Day #36: Sure Footing

As distance runners, we place our feet in all sorts of places in all kinds of situations. I have sloshed through puddles in Prague, slipped on the frozen Baltic Sea in Helsinki; I have glissaded down snowfields in Alyeska, Alaska, and have done my best to run up Bavarian ski slopes in summertime. I have even “missed” a step on one memorable night years ago when I stepped in a hole but somehow caught myself as my opposite foot luckily found its footing. But one particularly notable step had the longest lasting effects of all of the hundreds of thousands of steps I have run. In looking back, I now see how important how we step and where we step is to our longevity as long distance runners. If we would go long, we better be careful one step at a time.

A quick aside about the number of steps the committed runner takes over the course of his career. At a 6 foot stride length, a runner will make roughly 3,500 foot strikes in a 4 mile run. Many runners aim for 1,000 miles in a year as a good standard of dedication. Given this typical 6 foot stride – which of course will vary depending on height and running speed and other variables (but is a good average working number) – this same runner will hit the dirt, pavement, river bed and sand an astounding 875,000 times every year. And each of these strides could cause an injury if caution is not taken. Now it seems absurd to be focused so strictly on such a repetitive motion, but, hey, it’s a fun and eye-opening exercise…:)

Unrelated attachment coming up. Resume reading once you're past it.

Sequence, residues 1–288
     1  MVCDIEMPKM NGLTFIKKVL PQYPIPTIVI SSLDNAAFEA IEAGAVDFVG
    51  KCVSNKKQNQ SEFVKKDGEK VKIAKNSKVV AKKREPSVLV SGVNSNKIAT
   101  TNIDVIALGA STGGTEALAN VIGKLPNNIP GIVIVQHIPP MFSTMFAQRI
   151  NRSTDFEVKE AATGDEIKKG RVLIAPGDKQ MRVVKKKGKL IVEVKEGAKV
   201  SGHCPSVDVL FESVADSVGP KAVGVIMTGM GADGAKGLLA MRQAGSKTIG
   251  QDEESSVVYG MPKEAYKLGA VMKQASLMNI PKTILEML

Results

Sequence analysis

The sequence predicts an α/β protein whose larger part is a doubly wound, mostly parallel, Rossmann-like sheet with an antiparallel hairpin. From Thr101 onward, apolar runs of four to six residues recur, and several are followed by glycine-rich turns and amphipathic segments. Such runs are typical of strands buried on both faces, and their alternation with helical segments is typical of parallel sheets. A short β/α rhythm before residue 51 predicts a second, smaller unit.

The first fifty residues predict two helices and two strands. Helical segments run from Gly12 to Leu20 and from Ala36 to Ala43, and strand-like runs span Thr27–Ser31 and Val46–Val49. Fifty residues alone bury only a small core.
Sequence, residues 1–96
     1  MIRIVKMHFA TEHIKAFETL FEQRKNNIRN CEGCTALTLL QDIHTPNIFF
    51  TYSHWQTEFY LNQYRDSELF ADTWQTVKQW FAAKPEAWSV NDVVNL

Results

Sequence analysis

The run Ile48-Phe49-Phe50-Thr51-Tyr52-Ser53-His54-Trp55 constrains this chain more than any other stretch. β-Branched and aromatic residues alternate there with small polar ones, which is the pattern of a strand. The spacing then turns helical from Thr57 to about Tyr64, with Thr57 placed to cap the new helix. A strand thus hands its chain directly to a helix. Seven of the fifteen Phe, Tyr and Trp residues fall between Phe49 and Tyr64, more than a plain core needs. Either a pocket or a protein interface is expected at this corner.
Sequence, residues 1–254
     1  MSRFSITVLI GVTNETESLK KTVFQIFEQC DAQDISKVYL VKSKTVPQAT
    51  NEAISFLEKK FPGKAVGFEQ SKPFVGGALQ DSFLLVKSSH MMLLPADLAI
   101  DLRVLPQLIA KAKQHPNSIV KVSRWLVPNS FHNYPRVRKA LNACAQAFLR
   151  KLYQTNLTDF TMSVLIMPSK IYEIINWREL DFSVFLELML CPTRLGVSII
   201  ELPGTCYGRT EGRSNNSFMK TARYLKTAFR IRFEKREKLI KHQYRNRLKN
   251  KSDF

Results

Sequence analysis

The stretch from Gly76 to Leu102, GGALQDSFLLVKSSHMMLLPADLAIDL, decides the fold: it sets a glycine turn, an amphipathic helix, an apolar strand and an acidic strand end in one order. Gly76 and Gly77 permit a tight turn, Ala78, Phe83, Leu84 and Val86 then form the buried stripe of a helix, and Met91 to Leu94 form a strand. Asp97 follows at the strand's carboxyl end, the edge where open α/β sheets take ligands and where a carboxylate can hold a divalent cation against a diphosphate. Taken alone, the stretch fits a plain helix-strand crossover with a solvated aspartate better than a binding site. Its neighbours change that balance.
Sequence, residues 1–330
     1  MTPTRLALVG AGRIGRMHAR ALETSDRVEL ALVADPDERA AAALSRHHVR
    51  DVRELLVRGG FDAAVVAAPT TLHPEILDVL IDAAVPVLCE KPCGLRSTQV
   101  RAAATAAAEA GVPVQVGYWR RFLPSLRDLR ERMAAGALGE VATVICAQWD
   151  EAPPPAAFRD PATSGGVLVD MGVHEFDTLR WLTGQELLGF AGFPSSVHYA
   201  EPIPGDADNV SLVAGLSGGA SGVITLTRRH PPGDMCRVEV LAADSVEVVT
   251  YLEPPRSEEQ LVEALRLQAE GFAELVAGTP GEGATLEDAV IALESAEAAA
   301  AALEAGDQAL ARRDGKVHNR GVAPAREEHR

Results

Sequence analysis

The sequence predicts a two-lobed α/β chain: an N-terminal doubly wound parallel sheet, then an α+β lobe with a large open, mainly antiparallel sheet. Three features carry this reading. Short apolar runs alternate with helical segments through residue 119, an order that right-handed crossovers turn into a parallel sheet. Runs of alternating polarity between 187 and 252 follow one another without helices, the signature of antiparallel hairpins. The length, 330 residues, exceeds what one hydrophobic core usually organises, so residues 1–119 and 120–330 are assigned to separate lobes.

Back to the point of this post: on one balmy Easter Sunday in a resort town in Honduras, I took a step which came back to bite me all these years later. And my encouragement to you is to heed my story so that you can avoid a similar potential injury. I made the silly mistake of running down a creek bed and leaped into a bubbling shallow pool of water. I soon realized the peril of bubbling brooks as my left foot landed on a submerged, slanted and slippery rock, and all my weight came down on an exposed and torqued ankle. Moments later, my ankle ballooned with swelling and – lacking any real option of medical attention – my friends and I did the best we could to treat the injury: ice (scarce in Honduras, by the way:), elevation and rest. Needless to say, my running was on halt for weeks.

I was sure, though, once I could walk again and then eventually run, that I had had the good fortune to pass through that injury none the worse for wear — until 10 years and thousands of miles later when my left foot problems arose and culminated in a partially torn Achilles (mentioned in My post on Day 34.) One of the orthopedic surgeons who helped to treat me agreed that the trauma of that ill-taken step a decade before was a likely origin of my present woes.

All this is to say, make every effort to have sure footing in every stride of every one of your runs. Such attention to detail will pay big dividends in healthy running down the line of your career. (You might also avoid running down creekbeds…. In Honduras….)

By the way, by my estimates, I believe that I have run somewhere in the neighborhood of 40,000 miles. At the same stride length noted above, that’s 35 Million steps! (minus one;)

All the best! And keeping striding out,

~Coach Reed